Maarat al Nouman was recently captured from Syrian opposition fighters by régime forces backed by heavy bombardment from Russian warplanes.

 Despite the toll the war has had, however, Alhor has no regrets about the uprising.

 “Many people won’t understand why I say the Syrian uprising was worth it,” he said.

 “Even though I was young when it kicked off, I am very privileged that I got to live through it. It made us young people understand the meaning of freedom and equality…something that did not exist before.”

 Alhor believes that there will one day be peace in Syria but not in the foreseeable future. He believes the lack of international support for the revolution is the main reason why the régime of Bashar al Assad remains.

 “The international community bears a large responsibility towards what’s happening in our country,” Alhor said. “They turned a blind eye towards the relentless régime attacks against people, schools, hospitals, and even camps for the displaced.”

 While youths like Alhor have no regrets over the uprising, there’s no escaping the impact the war has had on their development.

 Many Syrians have spent their formative years knowing nothing but war, at the expense of experiencing the kind of things other young people around the world get to experience.

 Nazir Abbas, a 27-year-old human rights activist from Kafranbel, which was recently lost to régime forces, rued the years of his life lost to war.

 “I have lost a decade of my life,” he said from a camp for the displaced near the border with Turkey.

 “I should have had a family by now and enjoyed spending my youth with family and friends in our hometown.”
 Unlike Alhor, Abbas is not optimistic about the future, admitting that the future is not ‘very bright’.

 But like his compatriot, Abbas has no regrets about the Syrian revolution.

 “We’ve grown up from within...the seed of freedom is ten years old now and it will continue to grow and thrive within us and in the generations to come. What keeps me strong is the hope that the Baath régime will be dismantled.”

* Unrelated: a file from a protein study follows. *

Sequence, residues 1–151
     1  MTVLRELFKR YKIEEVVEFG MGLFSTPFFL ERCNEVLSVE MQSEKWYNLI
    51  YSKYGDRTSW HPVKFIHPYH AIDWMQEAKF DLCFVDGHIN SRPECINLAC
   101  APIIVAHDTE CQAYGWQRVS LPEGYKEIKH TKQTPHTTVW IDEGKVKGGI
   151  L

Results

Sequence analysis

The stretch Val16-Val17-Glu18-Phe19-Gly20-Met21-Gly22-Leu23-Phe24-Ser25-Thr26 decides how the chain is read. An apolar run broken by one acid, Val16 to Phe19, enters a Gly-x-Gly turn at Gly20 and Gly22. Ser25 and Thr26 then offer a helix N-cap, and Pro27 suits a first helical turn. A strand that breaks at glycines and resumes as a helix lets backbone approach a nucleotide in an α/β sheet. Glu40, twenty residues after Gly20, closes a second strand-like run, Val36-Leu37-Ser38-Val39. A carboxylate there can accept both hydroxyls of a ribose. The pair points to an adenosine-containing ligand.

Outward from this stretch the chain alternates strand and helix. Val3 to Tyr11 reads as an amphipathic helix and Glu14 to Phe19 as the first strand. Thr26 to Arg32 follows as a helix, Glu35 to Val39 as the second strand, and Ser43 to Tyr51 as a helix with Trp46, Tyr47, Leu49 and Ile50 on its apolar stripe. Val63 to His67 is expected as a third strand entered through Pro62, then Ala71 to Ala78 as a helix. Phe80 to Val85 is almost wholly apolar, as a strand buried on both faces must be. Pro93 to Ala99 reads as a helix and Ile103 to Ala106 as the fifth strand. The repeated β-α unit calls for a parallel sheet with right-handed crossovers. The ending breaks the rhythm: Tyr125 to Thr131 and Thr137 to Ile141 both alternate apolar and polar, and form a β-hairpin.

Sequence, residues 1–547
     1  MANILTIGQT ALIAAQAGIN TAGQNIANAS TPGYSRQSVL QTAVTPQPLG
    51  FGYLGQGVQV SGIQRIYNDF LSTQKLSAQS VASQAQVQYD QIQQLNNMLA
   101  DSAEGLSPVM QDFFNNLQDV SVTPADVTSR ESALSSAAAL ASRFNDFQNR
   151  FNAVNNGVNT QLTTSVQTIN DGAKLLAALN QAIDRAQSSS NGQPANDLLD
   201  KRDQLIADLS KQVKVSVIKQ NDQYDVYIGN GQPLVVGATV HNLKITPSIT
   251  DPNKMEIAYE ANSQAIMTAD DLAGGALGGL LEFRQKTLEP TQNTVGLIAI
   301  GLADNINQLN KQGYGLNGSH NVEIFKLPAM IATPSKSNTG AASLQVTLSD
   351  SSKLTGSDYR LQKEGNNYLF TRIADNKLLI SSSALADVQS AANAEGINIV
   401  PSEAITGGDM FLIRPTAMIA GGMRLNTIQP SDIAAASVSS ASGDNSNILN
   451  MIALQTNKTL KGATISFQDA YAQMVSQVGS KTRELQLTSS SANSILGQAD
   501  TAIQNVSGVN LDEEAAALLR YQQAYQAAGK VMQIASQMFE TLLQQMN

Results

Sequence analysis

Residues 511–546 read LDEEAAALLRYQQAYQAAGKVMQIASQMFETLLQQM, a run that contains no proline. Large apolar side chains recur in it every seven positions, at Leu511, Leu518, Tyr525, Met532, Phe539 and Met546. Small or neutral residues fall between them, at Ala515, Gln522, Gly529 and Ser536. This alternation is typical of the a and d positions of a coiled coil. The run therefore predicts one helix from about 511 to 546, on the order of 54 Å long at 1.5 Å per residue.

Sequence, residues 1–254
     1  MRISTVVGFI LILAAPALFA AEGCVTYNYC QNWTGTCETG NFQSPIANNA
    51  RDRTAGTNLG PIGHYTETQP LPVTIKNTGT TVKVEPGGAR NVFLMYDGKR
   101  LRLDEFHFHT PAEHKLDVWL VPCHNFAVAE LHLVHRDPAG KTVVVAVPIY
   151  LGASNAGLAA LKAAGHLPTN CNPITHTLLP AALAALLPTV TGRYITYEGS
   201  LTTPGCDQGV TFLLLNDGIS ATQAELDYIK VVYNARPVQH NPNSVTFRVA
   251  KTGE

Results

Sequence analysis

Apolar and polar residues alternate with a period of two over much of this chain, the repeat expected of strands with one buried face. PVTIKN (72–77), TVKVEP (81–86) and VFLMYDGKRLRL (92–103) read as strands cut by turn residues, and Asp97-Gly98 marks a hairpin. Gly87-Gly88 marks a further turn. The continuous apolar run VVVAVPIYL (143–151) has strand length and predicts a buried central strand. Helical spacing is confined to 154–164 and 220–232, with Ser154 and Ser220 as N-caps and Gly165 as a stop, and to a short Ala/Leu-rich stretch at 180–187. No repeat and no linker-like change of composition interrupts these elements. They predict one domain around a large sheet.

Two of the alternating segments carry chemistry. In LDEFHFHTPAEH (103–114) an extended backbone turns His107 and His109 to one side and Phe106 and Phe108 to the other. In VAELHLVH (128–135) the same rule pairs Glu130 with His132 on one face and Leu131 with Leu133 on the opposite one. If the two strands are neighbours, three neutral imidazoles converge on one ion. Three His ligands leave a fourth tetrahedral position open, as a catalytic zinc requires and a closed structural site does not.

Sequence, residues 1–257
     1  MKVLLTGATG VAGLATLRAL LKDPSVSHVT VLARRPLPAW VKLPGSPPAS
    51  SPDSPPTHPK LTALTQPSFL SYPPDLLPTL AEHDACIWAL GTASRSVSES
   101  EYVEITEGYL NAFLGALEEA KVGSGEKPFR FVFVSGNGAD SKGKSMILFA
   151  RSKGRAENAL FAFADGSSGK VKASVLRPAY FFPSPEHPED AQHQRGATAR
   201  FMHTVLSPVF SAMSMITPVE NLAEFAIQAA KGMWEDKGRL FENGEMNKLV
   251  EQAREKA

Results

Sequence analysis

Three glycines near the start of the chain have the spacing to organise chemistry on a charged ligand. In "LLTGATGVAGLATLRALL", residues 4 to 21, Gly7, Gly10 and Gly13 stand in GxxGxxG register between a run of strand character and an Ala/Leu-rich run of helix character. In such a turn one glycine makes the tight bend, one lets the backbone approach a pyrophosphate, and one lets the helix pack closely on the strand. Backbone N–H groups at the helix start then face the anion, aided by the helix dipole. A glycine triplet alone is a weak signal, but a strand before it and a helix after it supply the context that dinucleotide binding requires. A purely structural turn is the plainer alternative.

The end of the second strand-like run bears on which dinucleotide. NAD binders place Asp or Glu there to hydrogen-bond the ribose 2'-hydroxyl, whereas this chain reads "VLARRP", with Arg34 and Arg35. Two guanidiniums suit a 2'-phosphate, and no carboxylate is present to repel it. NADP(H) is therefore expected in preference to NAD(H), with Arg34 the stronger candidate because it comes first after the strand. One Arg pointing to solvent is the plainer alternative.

The war in Syria has left more than 500,000 people dead and led to the displacement of more than 11 million people, including six million as refugees outside of the country.

 Assad’s campaign to keep his régime in place has seen him level civilian neigbourhoods, use chemical weapons on children, and torture tens of thousands to death.

 Nevertheless, Syrians have stressed that while the moment of physical freedom from the Assad régime appears distant at the moment, mentally there will be no return to life under dictatorship.

 Sanaa al Ali, a 30-year-old mother who fled from Ghouta to northern Idlib said the past nine years of revolution have been as if she was born again.

 “After a lifetime of having to chirp praise for the ‘eternal leader’, Syrians have gone out and said no (we won’t),” she said.

 Adding: “The revolution was the first time we heard our own voice, and we will never abandon it or give up our cause, no matter what.”

 To further explain this mindset, Ali described what life was like under Assad’s Syria. She recalled how parents would remind their children not to say anything sensitive too loud for fear of being heard by the state surveillance apparatus.

 “Whisper, the walls have ears,” she remembers her parents warning. Now, however, the “kingdom of fear has crumbled,” she added.

 A theme that ran across the conversations we had with the Syrians was that any notion of Assad winning the conflict were premature and pyrrhic.